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Gainesville City Schools convocation focuses on new grading system
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Thomas Guskey of the University of Kentucky talks about the philosophy of grading Wednesday during a convocation for Gainesville City Schools at Gainesville Middle School. Guskey delved into the purpose of grading and the elements of the grading system. - photo by SARA GUEVARA

The debate about grading for Gainesville City Schools was the focus of a convocation for teachers Wednesday.

Instructional coaches at each school have been working on new report cards and grading scales for more than a year, but the reality hits hard this fall. Administrators are asking teachers to take tackle a new kind of grading system, and schools are asking students and parents to change their mindset about the traditional report card.

Jamey Moore, director of standards and assessment, explained to the school board on Monday that elementary schools will now have report cards that focus on how students perform on specific standards, such as spelling, grammar and multiplication tables, rather than letter grades.

In Gainesville Middle School and Gainesville High School, students will have an “Enhancement Period” during each day to make up tests and assignments. Middle school students won’t receive grades lower than 50 percent and high school students won’t receive any zeros.

Teachers and parents are already abuzz with questions.

During the system’s convocation at Gainesville Middle School on Wednesday morning, University of Kentucky Professor Thomas Guskey shared his experiences with teaching, testing and adjusting to a new norm.

“We’re going to take on the dirtiest, nastiest issue this morning,” he said. “We’re going to talk about grading.”

Guskey tried to answer questions by explaining his own mistakes with grading as a teacher at the middle school, high school and university levels.

“I remember sitting down at the kitchen table during my first job as a middle school math teacher, and I decided to separate the students into a consistent group and an inconsistent group,” he said. “The inconsistent pile was huge. One group started out poorly but ended strong, another did well on quizzes but blew the tests and others didn’t do the homework but aced the tests. Suddenly grading became a troublesome issue.”

Guskey asked the teachers to evaluate the purpose of report cards. When he listed a series of common responses — student ranking, student self-evaluation, an incentive to learn, evaluation of teachers and evidence of students performing poorly — the teacher raised their hands for different reasons.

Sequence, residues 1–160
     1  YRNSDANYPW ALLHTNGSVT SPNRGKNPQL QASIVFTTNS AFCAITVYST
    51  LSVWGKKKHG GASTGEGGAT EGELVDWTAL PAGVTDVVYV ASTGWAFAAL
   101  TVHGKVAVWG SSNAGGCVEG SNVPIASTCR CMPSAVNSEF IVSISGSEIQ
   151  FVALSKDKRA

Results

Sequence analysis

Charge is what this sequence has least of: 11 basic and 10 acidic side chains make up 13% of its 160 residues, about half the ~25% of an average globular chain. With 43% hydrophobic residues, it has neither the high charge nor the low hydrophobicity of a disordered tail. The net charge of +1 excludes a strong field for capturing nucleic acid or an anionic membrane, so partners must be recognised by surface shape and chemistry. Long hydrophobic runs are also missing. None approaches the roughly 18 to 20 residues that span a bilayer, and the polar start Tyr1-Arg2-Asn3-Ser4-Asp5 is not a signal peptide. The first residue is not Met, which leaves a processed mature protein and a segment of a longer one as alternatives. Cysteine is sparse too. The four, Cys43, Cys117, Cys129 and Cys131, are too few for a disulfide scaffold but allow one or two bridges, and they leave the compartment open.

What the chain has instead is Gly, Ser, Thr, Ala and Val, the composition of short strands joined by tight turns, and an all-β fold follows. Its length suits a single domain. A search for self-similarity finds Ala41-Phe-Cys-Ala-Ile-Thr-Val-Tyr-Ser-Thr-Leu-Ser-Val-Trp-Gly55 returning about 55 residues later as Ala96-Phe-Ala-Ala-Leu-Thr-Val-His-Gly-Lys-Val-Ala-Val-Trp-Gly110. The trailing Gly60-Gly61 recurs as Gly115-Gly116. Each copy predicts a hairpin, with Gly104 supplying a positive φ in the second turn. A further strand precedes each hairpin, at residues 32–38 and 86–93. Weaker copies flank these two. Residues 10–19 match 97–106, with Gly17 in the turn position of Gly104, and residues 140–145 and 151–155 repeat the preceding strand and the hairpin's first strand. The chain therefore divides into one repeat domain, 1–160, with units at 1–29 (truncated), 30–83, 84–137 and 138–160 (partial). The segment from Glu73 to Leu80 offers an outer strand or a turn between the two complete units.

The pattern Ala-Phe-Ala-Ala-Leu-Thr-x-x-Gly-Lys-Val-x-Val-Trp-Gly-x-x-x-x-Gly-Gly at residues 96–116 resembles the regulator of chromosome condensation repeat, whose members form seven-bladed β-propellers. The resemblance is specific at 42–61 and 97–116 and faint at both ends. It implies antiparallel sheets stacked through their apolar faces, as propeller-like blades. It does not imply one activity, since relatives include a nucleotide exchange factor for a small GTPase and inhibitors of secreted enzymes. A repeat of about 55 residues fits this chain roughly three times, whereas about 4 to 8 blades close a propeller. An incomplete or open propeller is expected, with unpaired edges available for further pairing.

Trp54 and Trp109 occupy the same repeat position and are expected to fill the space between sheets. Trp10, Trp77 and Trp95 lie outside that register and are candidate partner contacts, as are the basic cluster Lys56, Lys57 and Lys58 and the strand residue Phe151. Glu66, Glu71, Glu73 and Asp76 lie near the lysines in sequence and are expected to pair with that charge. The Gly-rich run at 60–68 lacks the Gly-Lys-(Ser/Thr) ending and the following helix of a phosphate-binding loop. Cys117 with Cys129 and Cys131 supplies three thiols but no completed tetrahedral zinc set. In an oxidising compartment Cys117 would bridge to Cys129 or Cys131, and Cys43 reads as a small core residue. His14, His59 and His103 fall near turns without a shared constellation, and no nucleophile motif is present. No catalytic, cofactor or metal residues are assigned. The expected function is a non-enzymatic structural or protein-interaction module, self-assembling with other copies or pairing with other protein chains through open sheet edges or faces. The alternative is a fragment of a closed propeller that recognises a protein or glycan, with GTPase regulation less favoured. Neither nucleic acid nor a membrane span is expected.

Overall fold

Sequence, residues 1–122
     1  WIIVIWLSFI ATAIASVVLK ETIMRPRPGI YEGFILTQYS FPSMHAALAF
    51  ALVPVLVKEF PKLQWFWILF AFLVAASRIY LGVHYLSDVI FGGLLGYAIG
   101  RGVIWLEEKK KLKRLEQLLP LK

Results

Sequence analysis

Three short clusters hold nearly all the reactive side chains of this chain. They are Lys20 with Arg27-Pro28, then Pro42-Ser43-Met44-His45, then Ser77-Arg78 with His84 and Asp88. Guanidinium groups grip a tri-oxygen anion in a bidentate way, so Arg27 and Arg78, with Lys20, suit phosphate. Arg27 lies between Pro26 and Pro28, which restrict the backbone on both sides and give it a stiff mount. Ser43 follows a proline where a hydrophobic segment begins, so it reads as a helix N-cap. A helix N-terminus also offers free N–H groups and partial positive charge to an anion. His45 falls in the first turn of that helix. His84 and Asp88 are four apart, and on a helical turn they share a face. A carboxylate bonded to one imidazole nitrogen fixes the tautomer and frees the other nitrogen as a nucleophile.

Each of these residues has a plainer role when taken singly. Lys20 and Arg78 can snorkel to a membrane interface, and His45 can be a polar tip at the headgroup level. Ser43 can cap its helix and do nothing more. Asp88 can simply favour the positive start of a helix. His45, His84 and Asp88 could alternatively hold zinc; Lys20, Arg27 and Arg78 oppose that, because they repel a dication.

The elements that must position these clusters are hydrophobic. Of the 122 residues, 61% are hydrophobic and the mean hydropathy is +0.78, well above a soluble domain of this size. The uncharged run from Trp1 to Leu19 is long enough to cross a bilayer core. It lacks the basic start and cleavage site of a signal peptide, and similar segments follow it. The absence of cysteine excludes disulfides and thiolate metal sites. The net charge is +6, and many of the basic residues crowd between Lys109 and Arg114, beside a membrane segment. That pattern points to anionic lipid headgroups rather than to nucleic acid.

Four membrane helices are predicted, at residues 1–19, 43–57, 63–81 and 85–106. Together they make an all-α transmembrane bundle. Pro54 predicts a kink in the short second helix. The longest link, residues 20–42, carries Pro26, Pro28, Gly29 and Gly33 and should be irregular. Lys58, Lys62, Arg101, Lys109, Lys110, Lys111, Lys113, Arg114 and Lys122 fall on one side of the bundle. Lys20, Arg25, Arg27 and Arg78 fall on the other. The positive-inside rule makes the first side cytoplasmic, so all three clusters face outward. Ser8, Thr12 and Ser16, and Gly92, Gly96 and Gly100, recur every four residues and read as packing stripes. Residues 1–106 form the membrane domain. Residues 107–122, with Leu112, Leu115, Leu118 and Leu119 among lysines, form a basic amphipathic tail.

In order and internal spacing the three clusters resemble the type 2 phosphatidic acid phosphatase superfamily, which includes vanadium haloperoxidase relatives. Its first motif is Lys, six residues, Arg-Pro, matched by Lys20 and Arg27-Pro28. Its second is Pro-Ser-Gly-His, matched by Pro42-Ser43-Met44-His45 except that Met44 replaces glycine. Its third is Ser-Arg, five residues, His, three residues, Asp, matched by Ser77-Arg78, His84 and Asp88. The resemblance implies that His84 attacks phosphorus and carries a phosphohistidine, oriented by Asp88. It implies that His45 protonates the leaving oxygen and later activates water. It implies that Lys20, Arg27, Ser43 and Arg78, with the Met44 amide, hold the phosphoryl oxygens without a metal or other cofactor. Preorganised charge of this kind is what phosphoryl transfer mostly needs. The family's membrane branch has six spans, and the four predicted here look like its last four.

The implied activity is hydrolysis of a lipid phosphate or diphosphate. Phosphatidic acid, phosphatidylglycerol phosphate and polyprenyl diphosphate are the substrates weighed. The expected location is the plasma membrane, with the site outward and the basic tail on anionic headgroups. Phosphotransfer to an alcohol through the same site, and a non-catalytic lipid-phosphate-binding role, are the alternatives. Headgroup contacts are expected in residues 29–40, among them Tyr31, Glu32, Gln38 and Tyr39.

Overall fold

“We don’t agree on why we’re doing this in the first place,” he said. “You can’t serve all these purposes with one report card. Some of these reasons are even counter to each other. It’s hard to change our method of grading without looking at the purpose first.”

Once teachers decide the purpose of grading, which Guskey defined as measuring what students have learned in class, then they can understand why standards-based reporting is important.

“When we disagree on what counts, as students move class to class and all the rules change from teacher to teacher, kids see it as a game and become strategists,” he said. “For some, it’s a total mystery. Grading and learning isn’t supposed to be a mystery.”

Guskey presented examples of how standards-based reporting works in other countries. In Canada schools, for example, a main letter grade gives the “achievement,” or overall score, for each class and then separate boxes give individual grades for attendance, homework, participation and tests. This way, students, parents and even future employers can determine how students earned the final grade in a class and where strengths or weaknesses are.

“When all of those grades are combined into one, the grade is meaningless,” he said. “We’re the only developed country in the world that still combines all of those. Businesses have expressed how they like seeing which students came to class on time and completed homework, apart from how they performed on tests.”

The teachers asked questions about his grading practices and how to incorporate the new rules while still grading students fairly. Guskey explained his policies on extra credit and homework grades but pointed out his most important idea about education — make the biggest effort at the beginning of the year.

“If there’s one time to go out of your way to ensure every student does well, it’s now,” he said. “A ‘C’ on the first test may make them feel defeated for the rest of the year. But if you go out of your way one time and show them that they can be successful in your class, the payoffs will be huge.”

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